The dictionary defines a belief as “something that is accepted to be true”. When we consider what a ‘limiting belief’ is, it probably comes as little surprise then that it is something you believe to be true that is restricting you in some kind of way.
Often, we can assume that limiting beliefs are bad things, but they generally serve our best interests, and those of the society we function in. For instance, believing that I should not steal another person’s property is useful to society and myself; it prevents me from committing an unlawful and socially unacceptable act.
Limiting beliefs are created with good intention, to keep us safe and protect us. Our parents are naturally concerned for our welfare, and can pass on their anxiety and fear in the form of a limiting belief. Equally, a bad experience where we were embarrassed, shamed, or threatened might lead us to create a limiting belief that keeps us from having to go through experience again.
However, the time when this moves from being useful or protective, to a problem, is when our limiting beliefs get in the way of us living the lives we want to live, or inhibiting our personal growth and pursuing our life goals.
For example: Henry is really excited by a new job opportunity at work. He really wants to go for a new role, but this role would require him to speak in public. Henry believes that if he has to speak publicly he will fail, which will result in the embarrassment and shame of failure (and the loss of his new job). It stops him from applying for the role, thus sparing him the pain and suffering that he believes will inevitably come if he takes the job.
A bad experience at school led Henry to this belief. He had to recite a poem in front of class, stumbled, lost his words, and, in his eyes, failed. His teacher gave him a bad grade, and his classmates made fun of him. He created a limiting belief to protect him from experiencing the same pain in the future.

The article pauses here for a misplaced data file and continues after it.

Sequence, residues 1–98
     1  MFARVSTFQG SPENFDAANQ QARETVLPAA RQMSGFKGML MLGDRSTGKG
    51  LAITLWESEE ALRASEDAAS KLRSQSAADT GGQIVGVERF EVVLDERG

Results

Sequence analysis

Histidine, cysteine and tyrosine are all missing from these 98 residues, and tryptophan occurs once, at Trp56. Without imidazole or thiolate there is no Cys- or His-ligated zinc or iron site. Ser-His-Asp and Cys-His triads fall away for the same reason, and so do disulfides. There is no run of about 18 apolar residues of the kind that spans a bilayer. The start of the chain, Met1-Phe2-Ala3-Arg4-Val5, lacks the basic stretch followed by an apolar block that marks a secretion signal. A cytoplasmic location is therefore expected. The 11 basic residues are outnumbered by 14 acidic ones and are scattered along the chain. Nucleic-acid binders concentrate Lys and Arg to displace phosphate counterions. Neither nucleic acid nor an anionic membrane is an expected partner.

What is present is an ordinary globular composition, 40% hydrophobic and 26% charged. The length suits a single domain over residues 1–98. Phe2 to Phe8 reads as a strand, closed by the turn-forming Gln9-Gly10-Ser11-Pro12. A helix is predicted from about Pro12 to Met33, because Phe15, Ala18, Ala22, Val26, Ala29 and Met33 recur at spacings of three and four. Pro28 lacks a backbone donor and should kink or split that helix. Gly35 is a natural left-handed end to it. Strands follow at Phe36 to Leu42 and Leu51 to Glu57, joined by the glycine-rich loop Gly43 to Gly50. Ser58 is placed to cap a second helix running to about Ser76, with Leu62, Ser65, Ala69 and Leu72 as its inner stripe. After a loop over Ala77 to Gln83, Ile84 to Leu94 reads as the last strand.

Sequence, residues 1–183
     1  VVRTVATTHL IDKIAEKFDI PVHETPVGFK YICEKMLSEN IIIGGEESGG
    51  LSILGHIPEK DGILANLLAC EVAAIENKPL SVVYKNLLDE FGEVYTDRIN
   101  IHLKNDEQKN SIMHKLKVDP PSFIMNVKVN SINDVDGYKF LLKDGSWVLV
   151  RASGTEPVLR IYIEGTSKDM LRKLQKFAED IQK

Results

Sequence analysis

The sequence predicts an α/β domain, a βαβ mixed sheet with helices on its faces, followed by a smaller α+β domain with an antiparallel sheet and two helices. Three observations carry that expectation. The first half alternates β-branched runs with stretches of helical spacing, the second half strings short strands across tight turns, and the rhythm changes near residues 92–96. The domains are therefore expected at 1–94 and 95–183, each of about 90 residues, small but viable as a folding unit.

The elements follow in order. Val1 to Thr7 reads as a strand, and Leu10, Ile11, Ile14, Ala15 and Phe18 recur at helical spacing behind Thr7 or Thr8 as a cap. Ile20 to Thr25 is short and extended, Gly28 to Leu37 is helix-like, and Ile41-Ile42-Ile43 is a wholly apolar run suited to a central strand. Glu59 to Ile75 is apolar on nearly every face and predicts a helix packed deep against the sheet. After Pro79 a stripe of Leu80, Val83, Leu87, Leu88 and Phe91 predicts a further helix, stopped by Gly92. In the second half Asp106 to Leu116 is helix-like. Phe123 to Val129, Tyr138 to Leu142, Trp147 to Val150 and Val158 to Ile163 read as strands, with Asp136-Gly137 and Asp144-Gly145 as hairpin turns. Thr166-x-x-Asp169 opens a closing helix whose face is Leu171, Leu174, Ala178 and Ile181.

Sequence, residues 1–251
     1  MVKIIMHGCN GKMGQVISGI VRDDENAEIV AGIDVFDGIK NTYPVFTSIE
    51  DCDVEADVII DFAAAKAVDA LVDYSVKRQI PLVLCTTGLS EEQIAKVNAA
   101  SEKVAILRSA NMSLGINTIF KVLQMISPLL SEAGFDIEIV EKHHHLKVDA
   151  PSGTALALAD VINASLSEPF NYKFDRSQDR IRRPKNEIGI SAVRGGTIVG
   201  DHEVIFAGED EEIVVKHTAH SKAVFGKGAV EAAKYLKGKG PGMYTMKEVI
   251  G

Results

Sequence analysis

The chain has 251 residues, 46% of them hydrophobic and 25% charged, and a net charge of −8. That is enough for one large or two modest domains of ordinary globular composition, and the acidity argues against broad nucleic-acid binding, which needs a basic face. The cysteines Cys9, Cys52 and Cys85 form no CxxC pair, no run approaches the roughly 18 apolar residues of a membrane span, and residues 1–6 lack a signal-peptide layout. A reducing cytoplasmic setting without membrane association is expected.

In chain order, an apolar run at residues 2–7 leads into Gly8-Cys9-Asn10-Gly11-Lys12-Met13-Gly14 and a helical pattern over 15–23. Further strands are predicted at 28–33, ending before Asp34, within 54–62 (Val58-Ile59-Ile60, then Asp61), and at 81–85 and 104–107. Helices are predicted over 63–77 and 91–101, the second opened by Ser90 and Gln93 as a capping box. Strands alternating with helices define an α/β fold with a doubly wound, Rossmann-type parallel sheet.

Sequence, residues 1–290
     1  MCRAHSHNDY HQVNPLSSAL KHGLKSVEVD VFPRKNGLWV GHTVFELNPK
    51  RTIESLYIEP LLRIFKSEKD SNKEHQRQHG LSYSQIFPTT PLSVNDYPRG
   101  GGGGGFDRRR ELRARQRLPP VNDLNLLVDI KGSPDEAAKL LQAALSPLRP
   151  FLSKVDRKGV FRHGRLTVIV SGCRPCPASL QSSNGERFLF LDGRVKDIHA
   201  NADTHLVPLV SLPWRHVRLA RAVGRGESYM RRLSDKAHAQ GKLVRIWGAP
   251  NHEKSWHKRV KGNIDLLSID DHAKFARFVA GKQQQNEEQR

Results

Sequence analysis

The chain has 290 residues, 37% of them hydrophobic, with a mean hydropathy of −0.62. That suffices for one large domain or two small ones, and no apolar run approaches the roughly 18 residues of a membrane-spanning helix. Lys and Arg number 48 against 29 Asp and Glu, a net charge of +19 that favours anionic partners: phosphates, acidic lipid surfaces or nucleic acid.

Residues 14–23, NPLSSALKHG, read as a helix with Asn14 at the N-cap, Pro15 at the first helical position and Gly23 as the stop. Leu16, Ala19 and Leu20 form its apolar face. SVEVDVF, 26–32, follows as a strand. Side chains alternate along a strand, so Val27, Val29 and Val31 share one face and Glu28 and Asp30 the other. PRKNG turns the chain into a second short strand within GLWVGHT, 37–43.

For Henry, his fear of public speaking stems from a narrative that may no longer be helpful or relevant to his life now. Clients approach me to work on their limiting beliefs when they have reached a point in their lives where they are no longer willing to suffer the consequences of holding on to them.
Henry was much younger when he wrote his story about public speaking. He now has a wealth of knowledge and life experience that he didn’t have as a child, so surely the story would have a different ending now? I encourage clients to carry out experiments to test their stories; the outcomes rarely match the disasters that we fear. For Henry, I would work with him to create public speaking experiments that he could start in a low-risk environment with friends, to test the reality of his story.
You will need a new narrative to replace the old one. If Henry chooses to believe that public speaking is something he can do, then he will become motivated to learn the skills to master it. He can grow into a new, more empowering story, and he can apply for that new job!
Working with (and overcoming) limiting beliefs requires us to confront and challenge something that has become ‘true’ for us. When we accept a limiting belief as ‘true’ it is very hard to dispute, challenge, or change it.
As a coach, I work with my clients to loosen the hold of these ‘truths’. I get them to think of limiting beliefs as personal stories, because a story is a narrative that may not be true. What if it is made up, what if it isn’t true? If my clients can hold the possibility that their limiting beliefs are instead ‘limiting stories’, then it becomes easier to question and challenge them, and rewrite the stories to help them grow and thrive!
Can you hold the possibility that you can learn to (re)write your own life story? How powerful might that be in transforming your life?
Andy Gill is a multi-modal therapist who uses coaching, hypnotherapy, and yoga to meet his clients’ needs. Find out more by visiting lifecoach-directory.org.uk
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